Chavez also accuses the Bush administration of allegedly being involved in the coup d'etat that temporarily toppled his regime in April 2002. Perez said, "We do not need the Americans to defend democracy. On 12 April (2002) democracy was defended by the people and the armed forces. If there is democracy in Venezuela now it is thanks to President Chavez and to the people."
Moreover, Chavez blames the United State of what he calls "petroleum sabotage" in regards to the opposition strike between December 2002 and February 2003 to attempt to force his resignation. According to Venezuelan finance ministry figures, the strikes are estimated to have cost the Venezuelan petroleum industry more than $12 billion with the Venezuelan economy shrinking approximately 20 percent. In 2004, soaring oil prices supposedly helped the government to begin reaping profits for a recovery.
Referring to the referendum, Chavez said: "That is the epicenter of this battle. That is where we are determined to make this nation a dignified, freer, egalitarian, and prosperous fatherland, against those who want to turn this country into a colony. If there is one sector that understands this clearly, it is the oil industry workers." According to Chavez, the real heroes are oil industry workers because they restored the industry immediately following the late 2002, early 2003 general strike and "showed that they have what it takes to be liberators." Chavez emphasized that oil industry workers are leading the renationalization of Venezuela's oil sector. There are still some oil agreements pending review, which "continue to hinder a profound nationalization from taking off, although we have made very significant progress."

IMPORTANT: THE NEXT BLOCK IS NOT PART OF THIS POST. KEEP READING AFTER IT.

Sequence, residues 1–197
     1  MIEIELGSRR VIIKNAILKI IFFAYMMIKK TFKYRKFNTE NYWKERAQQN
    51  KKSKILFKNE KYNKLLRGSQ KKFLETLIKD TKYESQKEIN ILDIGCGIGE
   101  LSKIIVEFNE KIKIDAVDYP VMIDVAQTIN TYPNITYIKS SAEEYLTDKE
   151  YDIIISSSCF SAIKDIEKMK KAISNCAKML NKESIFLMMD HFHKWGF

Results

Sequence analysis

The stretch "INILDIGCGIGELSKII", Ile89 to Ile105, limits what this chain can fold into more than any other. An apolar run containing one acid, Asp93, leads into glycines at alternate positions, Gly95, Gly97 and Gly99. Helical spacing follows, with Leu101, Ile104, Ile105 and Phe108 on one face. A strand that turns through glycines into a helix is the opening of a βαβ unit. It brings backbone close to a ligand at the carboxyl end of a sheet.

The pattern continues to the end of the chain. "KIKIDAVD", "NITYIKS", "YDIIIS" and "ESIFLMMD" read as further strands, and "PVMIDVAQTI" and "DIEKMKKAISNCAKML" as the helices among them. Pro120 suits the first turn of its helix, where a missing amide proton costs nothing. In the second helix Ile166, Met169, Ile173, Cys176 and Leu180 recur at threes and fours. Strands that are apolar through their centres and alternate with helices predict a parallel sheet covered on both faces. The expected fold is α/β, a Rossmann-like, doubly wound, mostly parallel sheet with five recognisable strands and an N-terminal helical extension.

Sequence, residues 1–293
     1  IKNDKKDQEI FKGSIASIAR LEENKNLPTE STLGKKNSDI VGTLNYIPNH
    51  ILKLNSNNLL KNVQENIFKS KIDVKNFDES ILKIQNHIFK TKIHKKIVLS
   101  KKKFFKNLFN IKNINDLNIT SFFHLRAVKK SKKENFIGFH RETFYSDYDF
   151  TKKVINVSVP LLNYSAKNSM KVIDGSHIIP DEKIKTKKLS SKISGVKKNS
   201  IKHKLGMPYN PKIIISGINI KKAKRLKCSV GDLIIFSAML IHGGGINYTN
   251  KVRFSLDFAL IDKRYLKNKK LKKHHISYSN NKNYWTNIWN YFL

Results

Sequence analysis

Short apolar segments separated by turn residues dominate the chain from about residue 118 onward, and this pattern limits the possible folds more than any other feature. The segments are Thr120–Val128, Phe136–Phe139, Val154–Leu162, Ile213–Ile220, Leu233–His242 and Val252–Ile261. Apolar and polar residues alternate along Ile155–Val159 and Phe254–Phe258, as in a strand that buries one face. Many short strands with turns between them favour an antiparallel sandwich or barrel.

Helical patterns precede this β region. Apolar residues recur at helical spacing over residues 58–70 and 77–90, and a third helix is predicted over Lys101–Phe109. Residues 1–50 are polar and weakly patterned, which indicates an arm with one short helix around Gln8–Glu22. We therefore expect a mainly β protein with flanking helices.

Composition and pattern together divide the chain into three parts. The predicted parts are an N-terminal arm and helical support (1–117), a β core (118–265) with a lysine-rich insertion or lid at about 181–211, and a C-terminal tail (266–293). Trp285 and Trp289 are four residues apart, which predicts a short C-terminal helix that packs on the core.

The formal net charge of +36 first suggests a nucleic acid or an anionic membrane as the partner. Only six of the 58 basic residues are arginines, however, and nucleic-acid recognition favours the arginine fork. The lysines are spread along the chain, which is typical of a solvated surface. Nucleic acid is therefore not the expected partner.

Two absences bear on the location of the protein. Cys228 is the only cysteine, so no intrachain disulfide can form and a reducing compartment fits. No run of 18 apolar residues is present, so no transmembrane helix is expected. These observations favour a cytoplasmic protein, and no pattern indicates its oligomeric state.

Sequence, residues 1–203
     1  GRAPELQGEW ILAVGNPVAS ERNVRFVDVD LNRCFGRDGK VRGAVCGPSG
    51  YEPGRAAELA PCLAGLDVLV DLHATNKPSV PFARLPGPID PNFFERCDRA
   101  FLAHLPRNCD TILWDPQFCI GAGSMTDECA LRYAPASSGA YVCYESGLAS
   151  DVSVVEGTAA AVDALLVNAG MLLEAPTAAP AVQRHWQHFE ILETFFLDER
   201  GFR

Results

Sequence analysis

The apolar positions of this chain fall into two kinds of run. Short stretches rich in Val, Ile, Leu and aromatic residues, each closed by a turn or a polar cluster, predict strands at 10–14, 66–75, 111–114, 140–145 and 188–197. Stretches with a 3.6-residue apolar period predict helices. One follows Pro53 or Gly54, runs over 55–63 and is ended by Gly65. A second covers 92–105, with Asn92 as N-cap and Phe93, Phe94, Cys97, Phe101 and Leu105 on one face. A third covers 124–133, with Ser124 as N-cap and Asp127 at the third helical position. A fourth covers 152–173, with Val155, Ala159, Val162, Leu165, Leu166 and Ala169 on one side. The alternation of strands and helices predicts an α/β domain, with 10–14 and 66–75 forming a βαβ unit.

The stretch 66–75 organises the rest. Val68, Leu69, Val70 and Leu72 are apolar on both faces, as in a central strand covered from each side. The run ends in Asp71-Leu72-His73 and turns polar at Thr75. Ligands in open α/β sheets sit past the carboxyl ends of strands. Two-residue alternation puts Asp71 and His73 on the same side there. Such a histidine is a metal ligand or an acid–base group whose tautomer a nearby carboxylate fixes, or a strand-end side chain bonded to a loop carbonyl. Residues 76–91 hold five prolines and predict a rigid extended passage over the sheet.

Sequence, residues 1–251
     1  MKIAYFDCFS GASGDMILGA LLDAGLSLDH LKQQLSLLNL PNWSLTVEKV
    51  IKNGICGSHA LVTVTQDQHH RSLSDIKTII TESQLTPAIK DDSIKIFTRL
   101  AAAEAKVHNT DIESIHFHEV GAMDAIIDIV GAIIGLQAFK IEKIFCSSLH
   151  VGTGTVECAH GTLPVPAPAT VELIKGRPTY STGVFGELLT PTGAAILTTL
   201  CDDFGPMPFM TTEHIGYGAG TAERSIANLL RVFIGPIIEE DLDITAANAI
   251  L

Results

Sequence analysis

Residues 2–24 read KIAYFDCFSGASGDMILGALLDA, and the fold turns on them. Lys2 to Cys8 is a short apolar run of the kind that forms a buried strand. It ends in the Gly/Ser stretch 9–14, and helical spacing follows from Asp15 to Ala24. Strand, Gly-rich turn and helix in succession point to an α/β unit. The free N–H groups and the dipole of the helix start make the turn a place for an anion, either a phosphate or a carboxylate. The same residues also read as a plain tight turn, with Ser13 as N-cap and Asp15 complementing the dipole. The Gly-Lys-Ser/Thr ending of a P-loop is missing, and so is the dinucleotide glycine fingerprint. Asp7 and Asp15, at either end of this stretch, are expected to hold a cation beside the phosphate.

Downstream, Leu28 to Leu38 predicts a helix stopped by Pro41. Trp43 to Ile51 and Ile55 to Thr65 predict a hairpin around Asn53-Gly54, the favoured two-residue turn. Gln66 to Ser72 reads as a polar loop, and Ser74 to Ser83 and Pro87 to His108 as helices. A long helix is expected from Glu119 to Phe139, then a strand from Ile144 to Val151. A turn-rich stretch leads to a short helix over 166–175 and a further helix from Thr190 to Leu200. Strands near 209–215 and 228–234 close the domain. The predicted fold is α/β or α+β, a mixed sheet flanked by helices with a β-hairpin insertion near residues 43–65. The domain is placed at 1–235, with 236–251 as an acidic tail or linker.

American oil companies meanwhile currently have projects under way in Venezuela. Chavez announced ChevronTexaco's offshore gas exploration 3-year $200 million project in eastern territorial waters. ChevronTexaco intends to explore and develop block 3 of the Deltana platform, a 579-square-mile region in Venezuela's Caribbean waters that contains some 37 billion cubic yards of gas.
According to the Energy and Mines Ministry, the $6.3 billion project includes five exploratory blocks and construction of a liquefied natural gas plant. Chavez said ChevronTexaco "plans to invest $107 million this year and create 723 jobs." Chavez added that ChevronTexaco's gas production will "be used to supply both domestic and foreign markets." ChevronTexaco in Latin America Head Ali Moshiri said his company intends to "invest more than $200 million in the first three years of the exploratory phase." Venezuela has a proven natural gas reserve capacity of 5.6 trillion cubic yards, the world's eight largest.
Venezuela is the world's fifth largest exporter; fourth largest U.S. supplier along with Canada, Mexico and Saudi Arabia; and an OPEC founding member. The country has assigned a maximum export ceiling of 2.6 million barrels per day, a 10 percent decrease year-on year. Venezuela has earmarked 1.39 million barrels for the United States. Crude oil and petroleum products exports to the United States peaked in 1997.
Chavez blames high oil prices on the global market as a result of the outcome of the war in Iraq. Over the past several years, Chavez said that his administration had contributed to increased international crude prices. Chavez said, "Even if the reference crude index is $43 per barrel, Venezuela's basket (basic petroleum basket) costs approximately $36. Basic cause: the attacks on Iraq and the Middle East. Texas crude closed on August 11 at above $44."
Regardless of whether Chavez wins, Venezuela will still have to deal with unemployment standing at three million people and the cultural changes Chavez attempted to impose throughout his tenure. Perez said, "Unfortunately, it has been proven that the referendum is a failure, that it will never be a solution in Venezuela. Nothing will be resolved in Venezuela on 15 August. The people who still have hope in the recall referendum still believe, mistakenly, that Chavez is capable of opening up a way. No. We are the ones who have to open it."